years experience of driving such vehicles as is used by the company. If the applicant
is older than thirty, this is good.
If accident records are available from previous employers, insurance companies and
national sources, this should be used. Although the number of accidents for a driver

can differ a lot between years, in the long term (10+ years), previous accidents are
highly predictive of later ones.
Criminal record is a fairly good predictor of traffic accidents, and is of course of
general interest to an employer. As a special case of criminal acts can be mentioned
traffic violations, i.e. having been fined by the police for breaches of the traffic rules.
The power of this variable is weak, but its there.
Similar to criminal activity in its general interest to companies is drug use. Although
alco locks are available on the market, it is better not to hire a person with these
problems, as they also indicate other unwanted characteristics that make these persons
worse drivers even when they are sober.
Several of these factors are probably already used by most transport companies, more
or less explicitly. The claim here is that some of these variables, taken together,
probably have more predictive power than any specialized selection tool that is
offered by recruitment and fleet management companies.

Today, the most popular type of driver training would seem to be the skill-based sort
which stresses the technical handling of the vehicle, traffic rules and attention,
although other subjects are also covered. Unfortunately, the effects of such training
have not been shown to be positive (e.g. Downing, 1988). Also, Gregersen (1994)
found that being trained by a professional instructor in addition to private education
did not have any impact on crash risk for novice drivers.
In northern countries, so-called skid training is often a part of the standard driver
training. The driver is taught, on a special skid range, to handle a skidding car, with
the aim of improving their chances of being able to handle such occasions on the road.
However, little, if any, positive effect seems to ensue. It should be pointed out that in
the one study where an effect was found (Katila, Keskinen, Hatakka & Laapotti,
2004), the skid training used did not have an emphasis on skills in handling skids, but
was more about avoiding them.
Also, the conclusion by Lund and Williams (1985) from their review of the research
on the US Defensive Driving Course was that it had no measurable safety effect,
although violations did decrease. These results were similar to those of a review on
'driver improvement programs' in the US, where the aim of the intervention was to
change drivers' knowledge and attitudes, especially for drivers with violations
(Struckman-Johnson, Lund, Williams & Osborne, 1989).
What goes wrong in most skills training is probably that the drivers think they have
learned how to drive more safely (Gregersen, 1996), but instead of actually doing this,
they change their behaviour into more dangerous driving.
That other types of training are more beneficial than the basic skills methods have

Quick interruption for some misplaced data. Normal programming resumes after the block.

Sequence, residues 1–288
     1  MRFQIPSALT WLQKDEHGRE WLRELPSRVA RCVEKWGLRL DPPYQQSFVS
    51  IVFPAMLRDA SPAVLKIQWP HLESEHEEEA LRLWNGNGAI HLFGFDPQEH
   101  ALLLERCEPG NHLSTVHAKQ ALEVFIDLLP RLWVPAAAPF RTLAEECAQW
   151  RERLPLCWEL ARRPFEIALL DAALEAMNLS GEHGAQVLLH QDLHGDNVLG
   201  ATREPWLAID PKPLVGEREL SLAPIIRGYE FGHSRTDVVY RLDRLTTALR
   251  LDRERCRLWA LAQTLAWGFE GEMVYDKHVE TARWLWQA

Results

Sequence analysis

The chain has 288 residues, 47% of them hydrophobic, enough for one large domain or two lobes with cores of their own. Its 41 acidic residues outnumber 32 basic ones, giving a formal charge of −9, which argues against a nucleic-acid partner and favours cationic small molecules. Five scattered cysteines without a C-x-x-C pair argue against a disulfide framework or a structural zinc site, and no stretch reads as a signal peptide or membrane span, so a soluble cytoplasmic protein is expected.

been shown for example in Denmark, where a change of curriculum towards hazard
perception and defensive driving lead to a reduction in accidents for beginner drivers
(Carstensen, 2002). It can be noted that this was a strong study, where official
statistics and self-reports yielded the same results, and that many error factors were
controlled for.
During the 1990ies, so-called fuel-efficient driver training emerged in several
countries, and it was claimed that, apart from reducing fuel consumption, this type of
skill also had safety effects. The evidence to date, however, is mostly hearsay, and the
only study undertaken found no effect on accidents and a very small impact on
behaviour and fuel consumption (af Wåhlberg, in press). It should be noted that the

lack of efficiency of this type of training does not seem to be due to any error in the
principles conveyed, as very strong differences are regularly found during training (af
Wåhlberg, 2002). Instead, the problem is that the behaviour change does not seem to
transfer very well to the daily driving undertaken by those trained.
Overall, it can therefore be concluded that the traditional type of training offered by
most driving schools is useful only for very limited groups, deleterious for some, and
without effect for most. In general, it is therefore a waste of time and money.

The influence of the characteristics of the vehicle driven upon the behaviour of the
driver is hardly researched at all, while the effects upon the results of an accident have
been extensively covered. It is important to distinguish between these two cases,
which can be made with the example of a new, powerful, car filled with safety
devices, as compared to an older one without these features. The evidence would
seem to indicate that while the modern car is more protective of its occupants, given
that there is an accident, it also has the negative effect of changing the behaviour of
the driver in a riskier direction (mainly higher speeds). Whether the positive or
negative effect is stronger does not seem to have been investigated.
As most so-called 'safety' features of modern cars have unproven, and often doubtful,
effects, these should not be a primary target for safety interventions, apart from the
wearing of seatbelts.

Feedback/positive reinforcement
At a very basic level, people do unsafe acts because they are reinforced in some way,
by the behaviour or its consequences. Most often, the reinforcement is immediate,
while punishment for these acts are delayed, weak and/or infrequent. As all species
learn better from immediate consequences of their actions, humans tend to prefer